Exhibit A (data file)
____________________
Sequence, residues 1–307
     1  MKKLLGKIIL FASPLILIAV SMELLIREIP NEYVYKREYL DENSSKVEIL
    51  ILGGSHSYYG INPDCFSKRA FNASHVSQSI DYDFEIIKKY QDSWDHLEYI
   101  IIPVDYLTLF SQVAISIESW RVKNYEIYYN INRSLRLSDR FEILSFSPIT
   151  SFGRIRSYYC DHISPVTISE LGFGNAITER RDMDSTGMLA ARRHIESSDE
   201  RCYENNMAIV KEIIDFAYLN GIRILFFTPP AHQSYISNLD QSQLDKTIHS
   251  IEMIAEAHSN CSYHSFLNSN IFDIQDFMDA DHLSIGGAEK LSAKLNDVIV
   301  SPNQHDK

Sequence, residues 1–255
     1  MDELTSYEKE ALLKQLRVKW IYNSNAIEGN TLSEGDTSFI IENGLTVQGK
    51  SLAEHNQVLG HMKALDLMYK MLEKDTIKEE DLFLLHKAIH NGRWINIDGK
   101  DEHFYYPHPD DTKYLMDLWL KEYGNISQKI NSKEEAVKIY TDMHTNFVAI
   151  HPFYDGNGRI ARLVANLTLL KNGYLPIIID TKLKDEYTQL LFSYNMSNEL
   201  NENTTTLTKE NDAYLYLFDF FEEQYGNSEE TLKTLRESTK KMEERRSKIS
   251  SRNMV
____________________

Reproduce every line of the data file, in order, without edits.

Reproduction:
Sequence, residues 1–307
     1  MKKLLGKIIL FASPLILIAV SMELLIREIP NEYVYKREYL DENSSKVEIL
    51  ILGGSHSYYG INPDCFSKRA FNASHVSQSI DYDFEIIKKY QDSWDHLEYI
   101  IIPVDYLTLF SQVAISIESW RVKNYEIYYN INRSLRLSDR FEILSFSPIT
   151  SFGRIRSYYC DHISPVTISE LGFGNAITER RDMDSTGMLA ARRHIESSDE
   201  RCYENNMAIV KEIIDFAYLN GIRILFFTPP AHQSYISNLD QSQLDKTIHS
   251  IEMIAEAHSN CSYHSFLNSN IFDIQDFMDA DHLSIGGAEK LSAKLNDVIV
   301  SPNQHDK

Sequence, residues 1–255
     1  MDELTSYEKE ALLKQLRVKW IYNSNAIEGN TLSEGDTSFI IENGLTVQGK
    51  SLAEHNQVLG HMKALDLMYK MLEKDTIKEE DLFLLHKAIH NGRWINIDGK
   101  DEHFYYPHPD DTKYLMDLWL KEYGNISQKI NSKEEAVKIY TDMHTNFVAI
   151  HPFYDGNGRI ARLVANLTLL KNGYLPIIID TKLKDEYTQL LFSYNMSNEL
   201  NENTTTLTKE NDAYLYLFDF FEEQYGNSEE TLKTLRESTK KMEERRSKIS
   251  SRNMV